After a snowy weekend, December 3 hits the calendar, and unwillingly, to all the cryptocurrency traders this makes them reminiscent about the bull run we experienced last year. One year ago, we thought that this was the major crypto adoption, and some of us couldn’t see how that could be going somewhere else, but up. ICOs were booming, influencers were in the head of the game, and it almost seemed like you could invest in any of the projects that came out because a x10 profit was self-evident.
Nothing of that can be said about this December, as we open up coinmarktetcap.com, and yet again we see only red accents. Market cap was three times larger than now, and already we can see some significant changes in the top 10 most popular crypto-top
Exactly one year ago
As we can see, the picture back then was a lot brighter than now. Bitcoin was trading at $11,176, Ethereum was the second largest cryptocurrency, Dash was nr. 5 and BitConnect was still scamming people like nothing. Monero, Bitcoin Gold and IOTA have left the top 10 after a year, but at the same time, Stellar, Tether, EOS and Bitcoin SV have replaced them. You might want to think that there’s nothing changed, but the positions of some cryptocurrencies, but think again.
If we look at the current market cap for each coin which has remained in the top 10 list, we see a staggering decline in value. For example, Bitcoin’s market cap on December 3, 2017, was $186,851,799,628, comparing to today’s $69,929,197,213, which is almost three times less. You can observe the following with other cryptocurrencies as well. Litecoin had $5,443,078,362, but now rests at $1,915,803,929, also, three times less.
The good thing
Let’s not talk about only the bad things we get from these last year statistics and let’s focus on more positive things. For example, the first thing that we can see is successful projects and cryptocurrencies which endured the year-long bear market and managed not only to develop their idea further but to maintain their community’s interest in the project.
The other rather positive thing is that if we look at 24h volume for each coin and compare it with last year, you can see an increase despite the price fall, despite the market cap, which would lead us into thinking that cryptocurrencies today are used more than they were a year ago. Bitcoin’s 24h volume today is $5,164,916,673 which is shy of a billion larger than a year ago when it was $4,826,067,051. Interestingly enough, Ethereum has seen the biggest increase in 24h volume, despite all the FUD whats revolving around it. Last year Ethereum circulated $822,953,290 in volume, but today $1,867,401,151. That is a little over one billion more, which makes you think – then where is all the money at? Ethereum is the absolute leader in increased volume throughout one year.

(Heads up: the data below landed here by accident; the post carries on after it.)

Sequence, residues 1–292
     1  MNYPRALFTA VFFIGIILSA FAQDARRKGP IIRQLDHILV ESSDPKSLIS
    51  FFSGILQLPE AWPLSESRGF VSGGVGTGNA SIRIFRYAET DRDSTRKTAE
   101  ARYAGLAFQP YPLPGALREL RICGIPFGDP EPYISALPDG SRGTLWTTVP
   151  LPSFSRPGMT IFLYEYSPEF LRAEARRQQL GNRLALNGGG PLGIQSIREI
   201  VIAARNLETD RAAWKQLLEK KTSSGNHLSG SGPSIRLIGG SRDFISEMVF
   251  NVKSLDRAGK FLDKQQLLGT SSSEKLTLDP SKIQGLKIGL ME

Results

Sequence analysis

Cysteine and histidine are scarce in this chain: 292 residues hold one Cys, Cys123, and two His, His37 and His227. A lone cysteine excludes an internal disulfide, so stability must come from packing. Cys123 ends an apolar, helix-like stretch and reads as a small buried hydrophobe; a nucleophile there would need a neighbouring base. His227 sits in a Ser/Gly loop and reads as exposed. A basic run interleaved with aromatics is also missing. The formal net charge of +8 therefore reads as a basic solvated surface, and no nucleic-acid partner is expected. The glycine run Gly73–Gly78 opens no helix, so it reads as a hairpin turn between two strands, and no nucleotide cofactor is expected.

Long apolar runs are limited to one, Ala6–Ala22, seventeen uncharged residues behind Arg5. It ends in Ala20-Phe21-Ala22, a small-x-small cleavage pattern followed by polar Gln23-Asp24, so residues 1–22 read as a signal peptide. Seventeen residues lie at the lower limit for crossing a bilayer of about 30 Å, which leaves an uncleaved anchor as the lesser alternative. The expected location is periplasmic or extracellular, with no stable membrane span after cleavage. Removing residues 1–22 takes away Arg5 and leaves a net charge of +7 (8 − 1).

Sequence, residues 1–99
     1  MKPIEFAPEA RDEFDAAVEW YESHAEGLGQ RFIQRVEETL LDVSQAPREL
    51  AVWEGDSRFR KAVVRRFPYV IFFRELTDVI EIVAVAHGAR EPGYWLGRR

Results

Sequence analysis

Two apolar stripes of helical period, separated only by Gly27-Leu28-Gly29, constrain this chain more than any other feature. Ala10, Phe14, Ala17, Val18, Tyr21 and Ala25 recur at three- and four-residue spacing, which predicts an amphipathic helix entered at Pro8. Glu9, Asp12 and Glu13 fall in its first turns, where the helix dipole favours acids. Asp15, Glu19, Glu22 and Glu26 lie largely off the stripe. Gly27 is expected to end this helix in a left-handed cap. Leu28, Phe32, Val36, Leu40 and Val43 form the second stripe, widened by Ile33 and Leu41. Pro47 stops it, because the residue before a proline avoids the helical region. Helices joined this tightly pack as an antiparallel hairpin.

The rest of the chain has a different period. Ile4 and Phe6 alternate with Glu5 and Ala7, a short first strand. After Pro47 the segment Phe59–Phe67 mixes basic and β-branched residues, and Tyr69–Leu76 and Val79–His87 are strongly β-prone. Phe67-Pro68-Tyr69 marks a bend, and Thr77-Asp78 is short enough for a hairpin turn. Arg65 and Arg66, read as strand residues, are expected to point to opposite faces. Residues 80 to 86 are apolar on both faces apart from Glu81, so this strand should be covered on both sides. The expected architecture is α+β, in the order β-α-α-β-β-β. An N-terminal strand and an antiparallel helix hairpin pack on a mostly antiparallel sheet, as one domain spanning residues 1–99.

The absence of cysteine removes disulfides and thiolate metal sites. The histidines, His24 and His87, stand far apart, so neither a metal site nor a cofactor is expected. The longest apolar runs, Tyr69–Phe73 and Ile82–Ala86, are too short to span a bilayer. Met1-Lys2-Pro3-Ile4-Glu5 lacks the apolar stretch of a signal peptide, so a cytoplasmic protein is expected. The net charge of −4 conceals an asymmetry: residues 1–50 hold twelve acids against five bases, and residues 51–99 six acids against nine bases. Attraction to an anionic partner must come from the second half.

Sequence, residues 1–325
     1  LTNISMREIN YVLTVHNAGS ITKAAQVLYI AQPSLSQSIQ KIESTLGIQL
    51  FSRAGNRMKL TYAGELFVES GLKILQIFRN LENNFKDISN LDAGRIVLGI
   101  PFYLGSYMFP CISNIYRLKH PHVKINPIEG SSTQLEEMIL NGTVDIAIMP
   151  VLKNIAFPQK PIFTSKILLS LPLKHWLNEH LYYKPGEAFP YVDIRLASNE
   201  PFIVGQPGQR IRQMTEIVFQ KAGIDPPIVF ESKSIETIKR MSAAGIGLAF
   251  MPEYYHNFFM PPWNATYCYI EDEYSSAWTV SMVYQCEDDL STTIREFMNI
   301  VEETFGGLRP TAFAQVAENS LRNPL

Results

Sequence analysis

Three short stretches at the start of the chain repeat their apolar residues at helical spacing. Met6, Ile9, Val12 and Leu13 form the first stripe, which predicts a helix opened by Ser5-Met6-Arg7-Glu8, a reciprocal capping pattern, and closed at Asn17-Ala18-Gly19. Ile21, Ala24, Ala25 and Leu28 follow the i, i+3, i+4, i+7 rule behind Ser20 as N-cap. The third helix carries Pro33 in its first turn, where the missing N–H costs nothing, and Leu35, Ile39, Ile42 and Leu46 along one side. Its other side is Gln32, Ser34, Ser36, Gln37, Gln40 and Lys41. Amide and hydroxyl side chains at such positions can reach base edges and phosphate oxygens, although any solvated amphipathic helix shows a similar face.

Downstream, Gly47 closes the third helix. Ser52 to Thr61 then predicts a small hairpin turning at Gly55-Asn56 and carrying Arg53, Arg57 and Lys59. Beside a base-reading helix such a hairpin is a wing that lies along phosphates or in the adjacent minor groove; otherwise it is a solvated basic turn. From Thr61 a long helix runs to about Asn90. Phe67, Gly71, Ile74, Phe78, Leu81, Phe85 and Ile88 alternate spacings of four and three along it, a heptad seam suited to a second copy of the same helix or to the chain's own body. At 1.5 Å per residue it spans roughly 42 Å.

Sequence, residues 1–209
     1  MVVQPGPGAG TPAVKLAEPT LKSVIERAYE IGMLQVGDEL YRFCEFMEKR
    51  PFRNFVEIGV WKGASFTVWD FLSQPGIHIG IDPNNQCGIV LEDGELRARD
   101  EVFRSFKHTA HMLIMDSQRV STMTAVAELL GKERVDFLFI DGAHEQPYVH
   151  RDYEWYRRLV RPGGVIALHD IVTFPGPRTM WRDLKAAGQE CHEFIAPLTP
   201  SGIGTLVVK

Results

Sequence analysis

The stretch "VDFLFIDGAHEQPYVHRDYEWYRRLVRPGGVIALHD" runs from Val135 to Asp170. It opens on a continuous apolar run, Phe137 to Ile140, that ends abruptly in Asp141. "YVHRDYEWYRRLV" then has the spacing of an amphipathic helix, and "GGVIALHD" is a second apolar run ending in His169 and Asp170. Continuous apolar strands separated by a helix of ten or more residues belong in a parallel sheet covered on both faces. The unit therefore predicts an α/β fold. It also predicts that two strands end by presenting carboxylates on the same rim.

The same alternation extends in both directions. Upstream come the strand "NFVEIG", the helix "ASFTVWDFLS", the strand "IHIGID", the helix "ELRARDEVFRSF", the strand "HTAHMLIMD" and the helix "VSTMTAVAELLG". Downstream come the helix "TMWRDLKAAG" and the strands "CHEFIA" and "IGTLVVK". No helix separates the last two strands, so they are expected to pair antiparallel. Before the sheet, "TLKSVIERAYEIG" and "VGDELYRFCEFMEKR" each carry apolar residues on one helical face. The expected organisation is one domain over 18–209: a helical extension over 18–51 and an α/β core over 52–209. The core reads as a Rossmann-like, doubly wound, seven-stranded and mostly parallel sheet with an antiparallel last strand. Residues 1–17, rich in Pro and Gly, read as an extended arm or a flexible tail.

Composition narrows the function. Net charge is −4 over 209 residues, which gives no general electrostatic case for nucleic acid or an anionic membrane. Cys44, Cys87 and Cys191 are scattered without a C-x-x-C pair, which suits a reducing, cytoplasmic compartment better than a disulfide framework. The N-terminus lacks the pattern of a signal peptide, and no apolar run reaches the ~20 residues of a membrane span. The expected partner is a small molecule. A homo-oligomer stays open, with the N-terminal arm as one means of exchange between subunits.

However, the significant volume increase only applies to the top 3 coins we see today. Others had a minimal increase, some a minimal decrease.
If we made a competition on who lost the most volume in one year – it’s obvious who’d win. BitConnect!
As mentioned above, today cryptocurrency markets are coloring the picture red, with rare green accents. Bitcoin is trading at $4,017; XRP at $0,36; Ethereum at $113,53 and Stellar, which recently jumped to the no. 4 position going pass Bitcoin Cash, is trading at $0,15. The bear is still winning over the bull, and it doesn’t look like some time soon this is going to change. One of the most surprising assets is Bitcoin SV because in only a couple of weeks it has managed to jump in the top 10 most popular cryptocurrencies and takes a decent share of the market.
However, the good thing is that volume is increasing, and Bitcoin is still the king of crypto, it’s dominance since last year has fallen by only 3%. We need to reconsider how this past year has affected the crypto market, either yourself as a trader/hodler/enthusiast. Can we learn from past problems or not? That is the question. If another bull-run emerges – are we also going to be as blind as during the previous one? Hope not.
Photo by Lorenzo Cafaro from Pexels